Remonetizing Gold, Again
SEPTEMBER 01, 1980 by RANDALL R. RADER
Mr. Rader is Legislative Counsel in the office of Congressman Philip Crane.
Since 1933 when President F. D. Roosevelt prohibited private ownership of gold, United States money has been completely in government hands. Monetary instability has, consequently, been institutionalized. Inflation has followed wave of inflation. Just consider some figures: From 1967 to 1978, the consumer price index doubled. In 1979, the index rose by 14 per cent—a pace that would double the CPI again in only 5 years. Yet the first months of 1980 have shown the CPI increasing at an annual rate of around 20 per cent. These figures speak for themselves. Government has lost control of inflation. An ticipating two centuries ago that the federal government would not have the restraint to avoid the temptation to inflate, the Constitutional Convention carefully circumscribed the government’s monetary authority.
“The congress shall have power to coin money, regulate the value thereof, and of foreign coin, and fix the standard of weights and measures.” (Article I, Section 8.)
The framers of the Constitution gave Congress authority to “coin money,” but specifically withheld authority to create money. By carefully choosing the verb “coin,” they wisely designed to limit the government to stamping metal into money. The Articles of Confederation, from which was derived the idea to give the government power to “coin” metal, granted as well only the specific power to “strike coin.” At the time of the Constitution’s ratification, it was clearly understood that the Congress should only have authority to strike coin and regulate its alloy and value:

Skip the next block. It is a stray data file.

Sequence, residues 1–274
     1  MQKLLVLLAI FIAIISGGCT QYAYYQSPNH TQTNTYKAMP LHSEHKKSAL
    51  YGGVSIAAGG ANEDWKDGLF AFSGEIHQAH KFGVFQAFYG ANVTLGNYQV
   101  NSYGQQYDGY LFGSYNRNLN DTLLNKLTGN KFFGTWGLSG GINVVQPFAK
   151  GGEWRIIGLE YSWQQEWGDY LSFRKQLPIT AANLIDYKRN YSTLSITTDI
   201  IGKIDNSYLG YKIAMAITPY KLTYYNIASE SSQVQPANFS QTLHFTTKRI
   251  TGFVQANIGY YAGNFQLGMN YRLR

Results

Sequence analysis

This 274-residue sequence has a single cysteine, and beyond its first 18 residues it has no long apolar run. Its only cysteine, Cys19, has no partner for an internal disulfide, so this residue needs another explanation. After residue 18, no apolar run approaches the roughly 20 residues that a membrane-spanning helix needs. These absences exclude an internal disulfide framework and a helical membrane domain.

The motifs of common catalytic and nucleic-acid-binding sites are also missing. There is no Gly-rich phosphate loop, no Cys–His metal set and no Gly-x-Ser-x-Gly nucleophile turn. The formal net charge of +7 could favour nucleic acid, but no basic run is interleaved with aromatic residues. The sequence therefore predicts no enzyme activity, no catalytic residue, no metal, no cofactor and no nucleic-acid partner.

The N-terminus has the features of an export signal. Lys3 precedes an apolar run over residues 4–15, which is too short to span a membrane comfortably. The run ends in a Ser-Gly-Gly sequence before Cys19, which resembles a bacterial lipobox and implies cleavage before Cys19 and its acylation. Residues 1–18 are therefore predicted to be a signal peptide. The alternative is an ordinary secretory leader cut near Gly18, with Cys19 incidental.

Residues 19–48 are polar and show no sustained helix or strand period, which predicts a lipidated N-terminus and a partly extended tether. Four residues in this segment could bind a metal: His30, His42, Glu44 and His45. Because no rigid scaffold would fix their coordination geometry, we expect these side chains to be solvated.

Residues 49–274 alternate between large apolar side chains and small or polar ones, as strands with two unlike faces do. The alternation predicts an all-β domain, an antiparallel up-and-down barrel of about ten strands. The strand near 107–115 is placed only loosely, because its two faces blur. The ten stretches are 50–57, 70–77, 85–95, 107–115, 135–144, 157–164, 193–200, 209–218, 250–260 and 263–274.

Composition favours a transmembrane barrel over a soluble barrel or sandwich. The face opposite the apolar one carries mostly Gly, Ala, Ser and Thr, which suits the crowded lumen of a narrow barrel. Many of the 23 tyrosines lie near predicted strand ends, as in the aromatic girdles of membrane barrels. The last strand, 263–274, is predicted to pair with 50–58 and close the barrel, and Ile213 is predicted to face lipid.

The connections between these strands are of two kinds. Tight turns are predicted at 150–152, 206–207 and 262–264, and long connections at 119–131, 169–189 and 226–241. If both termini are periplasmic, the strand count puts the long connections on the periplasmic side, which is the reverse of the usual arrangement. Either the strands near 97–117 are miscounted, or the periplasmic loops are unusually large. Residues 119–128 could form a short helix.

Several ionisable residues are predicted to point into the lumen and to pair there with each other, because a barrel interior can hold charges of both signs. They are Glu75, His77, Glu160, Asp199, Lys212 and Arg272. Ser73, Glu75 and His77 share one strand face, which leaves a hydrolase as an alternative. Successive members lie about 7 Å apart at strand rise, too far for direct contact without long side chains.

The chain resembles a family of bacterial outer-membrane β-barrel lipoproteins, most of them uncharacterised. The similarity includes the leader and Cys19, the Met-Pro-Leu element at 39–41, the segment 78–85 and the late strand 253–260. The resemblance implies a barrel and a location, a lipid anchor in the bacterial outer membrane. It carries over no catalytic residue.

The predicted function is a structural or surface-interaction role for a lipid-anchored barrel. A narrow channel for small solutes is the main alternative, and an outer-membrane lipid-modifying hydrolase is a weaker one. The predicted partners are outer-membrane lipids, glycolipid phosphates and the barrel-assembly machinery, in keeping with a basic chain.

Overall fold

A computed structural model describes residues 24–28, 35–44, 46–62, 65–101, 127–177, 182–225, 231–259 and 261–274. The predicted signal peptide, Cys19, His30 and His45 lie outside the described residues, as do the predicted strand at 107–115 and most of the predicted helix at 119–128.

The Federalist Papers, Number 44, clarify:
The right of coining money, which is here taken from the States, was left in their hands by the Confederation, as a concurrent right with that of Congress, under an exception in favor of the exclusive right of Congress to regulate the alloy and value. In this instance, also, the new provision is an improvement on the old. Whilst the alloy and value de pended on the general authority, a right of coinage in the particular States could have no other effect than to multiply expensive mints, and diversify the forms and weights of the circulating pieces.